), i.e. if `response`

is 1 at time T and
\(X_2\) is the second accumulator, then
$$conf = b - X_2(T)$$.
Otherwise, if `time_scaled=TRUE`

(default), confidence is computed as linear combination of
Balance of Evidence, decision time, and an interaction term, i.e.
$$conf = wx (b-X_2 (T)) + wrt\frac{1}{\sqrt{T}} + wint\frac{b-X_2(T)}{\sqrt{T}}.$$
Usually the weights (`wx`

, `wrt`

, `wint`

) should sum to 1, as the confidence thresholds
(`th1`

and `th2`

) may be scaled according to their sum. If this is not the case, they will be scaled
accordingly internally! Usually, this formula results in lower confidence when the reaction time is
longer but the state of the second accumulator is held constant. It is based on the optimal decision
confidence in Moreno-Bote (2010).

For convenience, the likelihood function allows that the first argument is a `data.frame`

containing the
information of the first and second argument in the columns
(i.e., `rt`

and `response`

). Other columns (as well as passing
`response`

separately as argument) will be ignored.

The simulations are done by simulating normal variables in discretized steps until one process reaches the boundary. If no boundary is met within the maximum time, response is set to 0.

## Note

Similarly to the drift diffusion models (like `ddiffusion`

and
`dWEV`

), `s1`

and `s2`

are scaling factors (`s1`

scales: `mu1`

and `a`

,
`s2`

scales: `mu2`

and `b`

, and depending on response: if `response=2`

, `s1`

scales
`th1`

,`th2`

,and `wrt`

), otherwise `s2`

is the scaling factor. It is sometimes
assumed (Moreno-Bote, 2010), that both noise terms are equal, then they should definitely be
fixed for fitting.

## References

Hellmann, S., Zehetleitner, M., & Rausch, M. (2023). Simultaneous modeling of choice, confidence and response time in visual perception. *Psychological Review* 2023 Mar 13. doi: 10.1037/rev0000411. Epub ahead of print. PMID: 36913292.

Moreno-Bote, R. (2010). Decision confidence and uncertainty in diffusion models with partially correlated neuronal integrators. Neural Computation, 22(7), 1786–1811. doi:10.1162/neco.2010.12-08-930

## Examples

```
# Plot rt distribution ignoring confidence
curve(dPCRM(x, 1, mu1=0.5, mu2=-0.5, a=1, b=1, th1=-Inf, th2=Inf, t0=0.1), xlim=c(0,2.5))
curve(dPCRM(x, 2, mu1=0.5, mu2=-0.5, a=1, b=1, th1=-Inf, th2=Inf, t0=0.1), col="red", add=TRUE)
curve(dIRM(x, 1, mu1=0.5, mu2=-0.5, a=1, b=1, th1=-Inf, th2=Inf, t0=0.1), lty=2,add=TRUE)
curve(dIRM(x, 2, mu1=0.5, mu2=-0.5, a=1, b=1, th1=-Inf, th2=Inf, t0=0.1),
col="red", lty=2, add=TRUE)
# t0 indicates minimal response time possible
abline(v=0.1)
## Following example may be equivalently used for the IRM model functions.
# Generate a random sample
df1 <- rPCRM(5000, mu1=0.2, mu2=-0.2, a=1, b=1, t0=0.1,
wx = 1) # Balance of Evidence
# Same RT and response distribution but different confidence distribution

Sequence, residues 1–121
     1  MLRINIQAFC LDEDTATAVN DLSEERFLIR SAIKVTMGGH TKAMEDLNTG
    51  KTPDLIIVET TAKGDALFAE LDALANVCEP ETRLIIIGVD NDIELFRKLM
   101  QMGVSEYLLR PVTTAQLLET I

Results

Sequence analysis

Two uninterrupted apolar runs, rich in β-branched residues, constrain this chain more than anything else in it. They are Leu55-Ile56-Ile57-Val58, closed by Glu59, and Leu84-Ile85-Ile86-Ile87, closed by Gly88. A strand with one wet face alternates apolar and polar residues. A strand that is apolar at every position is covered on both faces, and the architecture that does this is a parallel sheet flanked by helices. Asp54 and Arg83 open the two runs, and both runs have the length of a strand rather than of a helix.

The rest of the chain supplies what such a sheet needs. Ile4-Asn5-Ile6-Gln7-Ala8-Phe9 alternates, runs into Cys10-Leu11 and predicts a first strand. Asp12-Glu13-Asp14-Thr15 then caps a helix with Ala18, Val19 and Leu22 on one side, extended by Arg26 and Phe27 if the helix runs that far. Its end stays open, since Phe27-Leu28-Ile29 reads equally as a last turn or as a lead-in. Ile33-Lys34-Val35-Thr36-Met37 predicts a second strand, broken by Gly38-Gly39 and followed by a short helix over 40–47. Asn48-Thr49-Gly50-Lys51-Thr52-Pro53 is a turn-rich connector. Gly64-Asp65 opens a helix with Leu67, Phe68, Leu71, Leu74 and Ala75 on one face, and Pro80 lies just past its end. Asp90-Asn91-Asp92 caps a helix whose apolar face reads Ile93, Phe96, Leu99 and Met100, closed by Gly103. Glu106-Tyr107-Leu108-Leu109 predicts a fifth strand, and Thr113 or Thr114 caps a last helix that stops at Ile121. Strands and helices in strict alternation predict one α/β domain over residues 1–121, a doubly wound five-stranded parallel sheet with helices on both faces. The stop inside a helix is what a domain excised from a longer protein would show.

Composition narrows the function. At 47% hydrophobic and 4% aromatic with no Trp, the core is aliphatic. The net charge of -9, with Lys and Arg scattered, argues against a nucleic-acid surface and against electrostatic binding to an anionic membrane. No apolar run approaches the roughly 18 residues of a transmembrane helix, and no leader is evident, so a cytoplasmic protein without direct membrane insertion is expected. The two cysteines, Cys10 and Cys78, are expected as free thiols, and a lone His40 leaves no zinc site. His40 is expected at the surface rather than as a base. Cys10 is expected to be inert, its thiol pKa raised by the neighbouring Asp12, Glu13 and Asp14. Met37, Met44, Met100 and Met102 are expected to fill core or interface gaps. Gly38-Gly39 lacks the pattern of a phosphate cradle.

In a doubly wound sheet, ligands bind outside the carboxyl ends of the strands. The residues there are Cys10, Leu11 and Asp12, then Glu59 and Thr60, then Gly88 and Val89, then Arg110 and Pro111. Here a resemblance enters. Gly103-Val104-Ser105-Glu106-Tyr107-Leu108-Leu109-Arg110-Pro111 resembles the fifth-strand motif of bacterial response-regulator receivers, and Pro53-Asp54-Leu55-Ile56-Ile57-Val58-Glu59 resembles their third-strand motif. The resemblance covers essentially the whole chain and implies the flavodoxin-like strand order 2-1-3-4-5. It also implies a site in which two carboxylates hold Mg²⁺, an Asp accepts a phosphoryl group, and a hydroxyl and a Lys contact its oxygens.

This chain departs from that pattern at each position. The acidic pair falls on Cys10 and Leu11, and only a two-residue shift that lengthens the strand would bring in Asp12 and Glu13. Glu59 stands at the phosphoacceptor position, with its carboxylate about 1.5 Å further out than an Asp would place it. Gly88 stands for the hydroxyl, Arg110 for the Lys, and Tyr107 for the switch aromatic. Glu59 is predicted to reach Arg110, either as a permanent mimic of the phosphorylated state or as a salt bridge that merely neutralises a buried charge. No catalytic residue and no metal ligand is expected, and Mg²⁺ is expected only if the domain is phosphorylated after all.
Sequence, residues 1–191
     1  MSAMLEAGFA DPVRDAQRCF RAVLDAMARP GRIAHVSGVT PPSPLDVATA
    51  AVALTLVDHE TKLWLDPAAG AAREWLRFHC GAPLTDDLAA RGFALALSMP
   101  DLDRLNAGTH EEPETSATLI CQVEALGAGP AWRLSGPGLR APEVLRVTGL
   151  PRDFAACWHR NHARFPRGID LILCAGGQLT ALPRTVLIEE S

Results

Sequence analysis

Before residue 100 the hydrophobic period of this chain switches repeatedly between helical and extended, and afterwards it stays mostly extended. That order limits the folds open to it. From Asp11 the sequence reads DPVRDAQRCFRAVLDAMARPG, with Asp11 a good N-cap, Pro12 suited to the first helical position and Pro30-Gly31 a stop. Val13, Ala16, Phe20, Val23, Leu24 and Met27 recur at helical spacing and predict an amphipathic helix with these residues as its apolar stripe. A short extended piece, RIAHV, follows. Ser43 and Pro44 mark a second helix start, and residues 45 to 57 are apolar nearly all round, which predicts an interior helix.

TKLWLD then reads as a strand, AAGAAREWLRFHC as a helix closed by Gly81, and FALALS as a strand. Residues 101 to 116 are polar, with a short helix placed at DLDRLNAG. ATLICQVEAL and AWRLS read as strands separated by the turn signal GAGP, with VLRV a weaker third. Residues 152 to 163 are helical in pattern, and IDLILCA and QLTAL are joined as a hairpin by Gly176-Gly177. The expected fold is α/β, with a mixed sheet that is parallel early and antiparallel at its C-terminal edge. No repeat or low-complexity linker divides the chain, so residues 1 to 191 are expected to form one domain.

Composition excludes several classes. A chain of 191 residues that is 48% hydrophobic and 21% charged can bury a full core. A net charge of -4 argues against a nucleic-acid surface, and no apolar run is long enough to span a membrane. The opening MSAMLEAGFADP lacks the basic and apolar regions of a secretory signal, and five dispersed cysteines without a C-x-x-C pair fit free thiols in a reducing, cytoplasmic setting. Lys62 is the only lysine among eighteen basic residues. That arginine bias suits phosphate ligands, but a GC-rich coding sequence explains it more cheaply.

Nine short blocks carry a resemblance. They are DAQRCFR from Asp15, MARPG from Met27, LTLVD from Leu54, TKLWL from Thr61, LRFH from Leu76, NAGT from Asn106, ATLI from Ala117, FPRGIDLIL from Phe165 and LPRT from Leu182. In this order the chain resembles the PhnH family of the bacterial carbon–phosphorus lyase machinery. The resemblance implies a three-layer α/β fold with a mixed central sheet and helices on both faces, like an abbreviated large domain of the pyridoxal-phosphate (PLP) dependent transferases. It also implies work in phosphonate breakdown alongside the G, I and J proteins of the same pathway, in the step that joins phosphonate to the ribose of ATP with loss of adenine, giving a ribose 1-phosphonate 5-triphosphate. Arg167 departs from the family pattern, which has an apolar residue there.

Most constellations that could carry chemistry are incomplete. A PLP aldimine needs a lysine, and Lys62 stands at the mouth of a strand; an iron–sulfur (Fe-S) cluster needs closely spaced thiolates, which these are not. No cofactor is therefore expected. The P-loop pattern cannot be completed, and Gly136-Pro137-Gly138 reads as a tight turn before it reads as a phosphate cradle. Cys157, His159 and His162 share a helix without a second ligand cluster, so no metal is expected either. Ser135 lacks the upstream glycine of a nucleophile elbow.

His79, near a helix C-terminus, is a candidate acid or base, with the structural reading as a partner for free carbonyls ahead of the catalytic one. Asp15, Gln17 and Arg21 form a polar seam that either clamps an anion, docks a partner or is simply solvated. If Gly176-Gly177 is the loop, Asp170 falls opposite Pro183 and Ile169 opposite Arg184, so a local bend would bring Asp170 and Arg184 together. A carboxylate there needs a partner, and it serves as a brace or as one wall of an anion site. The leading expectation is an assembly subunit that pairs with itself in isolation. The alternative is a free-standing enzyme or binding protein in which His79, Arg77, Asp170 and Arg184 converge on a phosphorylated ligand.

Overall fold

df2 <- rPCRM(5000, mu1=0.2, mu2=-0.2, a=1, b=1, t0=0.1,
wint = 0.2, wrt=0.8)
head(df1)
#> rt response xl conf
#> 1 0.47 2 -0.64427191 1.644272
#> 2 1.53 2 -2.60026829 3.600268
#> 3 0.98 2 -0.04249862 1.042499
#> 4 2.83 1 -1.48200833 2.482008
#> 5 0.99 2 -1.09062305 2.090623
#> 6 0.73 1 -1.28525258 2.285253
# Compute density with rt and response as separate arguments
dPCRM(seq(0, 2, by =0.4), response= 2, mu1=0.2, mu2=-0.2, a=1, b=1, th1=0.5,
th2=2, wx = 0.3, wint=0.4, wrt=0.1, t0=0.1)
#> [1] 0.00000000 0.26919023 0.20371811 0.10962250 0.06320931 0.03928042
# Compute density with rt and response in data.frame argument
df1 <- subset(df1, response !=0) # drop trials where no accumulation hit its boundary
dPCRM(df1[1:5,], mu1=0.2, mu2=-0.2, a=1, b=1, th1=0, th2=Inf, t0=0.1)
#> [1] 0.36544683 0.07956939 0.17481581 0.04082114 0.17208904
# s1 and s2 scale other decision relevant parameters
s <- 2 # common (equal) standard deviation
dPCRM(df1[1:5,], mu1=0.2*s, mu2=-0.2*s, a=1*s, b=1*s, th1=0, th2=Inf, t0=0.1, s1=s, s2=s)
#> [1] 0.36544683 0.07956939 0.17481581 0.04082114 0.17208904
s1 <- 2 # different standard deviations
s2 <- 1.5
dPCRM(df1[1:5,], mu1=0.2*s1, mu2=-0.2*s2, a=1*s1, b=1*s2, th1=0, th2=Inf, t0=0.1, s1=s1, s2=s2)
#> [1] 0.36544683 0.07956939 0.17481581 0.04082114 0.17208904
# s1 and s2 scale also confidence parameters
df1[1:5,]$response <- 2 # set response to 2
# for confidence it is important to scale confidence parameters with
# the right variation parameter (the one of the loosing accumulator)
dPCRM(df1[1:5,], mu1=0.2, mu2=-0.2, a=1, b=1,
th1=0.5, th2=2, wx = 0.3, wint=0.4, wrt=0.1, t0=0.1)
#> [1] 0.29040526 0.06920033 0.15343987 0.01744648 0.15105199
dPCRM(df1[1:5,], mu1=0.2*s1, mu2=-0.2*s2, a=1*s1, b=1*s2,
th1=0.5, th2=2, wx = 0.3/s1, wint = 0.4/s1, wrt = 0.1, t0=0.1, s1=s1, s2=s2)
#> [1] 0.29040526 0.06920033 0.15343987 0.01744648 0.15105199
dPCRM(df1[1:5,], mu1=0.2*s1, mu2=-0.2*s2, a=1*s1, b=1*s2,
th1=0.5*s1, th2=2*s1, wx = 0.3, wint = 0.4, wrt = 0.1*s1, t0=0.1, s1=s1, s2=s2)
#> [1] 0.29040526 0.06920033 0.15343987 0.01744648 0.15105199
two_samples <- rbind(cbind(df1, ws="BoE"),
cbind(df2, ws="RT"))
# drop not finished decision processes
two_samples <- two_samples[two_samples$response!=0,]
# no difference in RT distributions
boxplot(rt~ws+response, data=two_samples)
# but different confidence distributions
boxplot(conf~ws+response, data=two_samples)
if (requireNamespace("ggplot2", quietly = TRUE)) {
require(ggplot2)
ggplot(two_samples, aes(x=rt, y=conf))+
stat_density_2d(aes(fill = after_stat(density)),
geom = "raster", contour = FALSE, h=c(0.3, 0.7)) +
xlim(c(0.2, 1.3))+ ylim(c(0, 2.5))+
facet_grid(cols=vars(ws), rows=vars(response), labeller = "label_both")
}
#> Loading required package: ggplot2
#> Warning: Removed 6406 rows containing non-finite values (`stat_density2d()`).
#> Warning: Removed 1584 rows containing missing values (`geom_raster()`).
# Restricting to specific confidence region
df1 <- df1[df1$conf >0 & df1$conf <1,]
dPCRM(df1[1:5,], th1=0, th2=1,mu1=0.2, mu2=-0.2, a=1, b=1, t0=0.1,wx = 1 )
#> [1] 0.035673127 0.038684577 0.028179101 0.033133736 0.001450075
```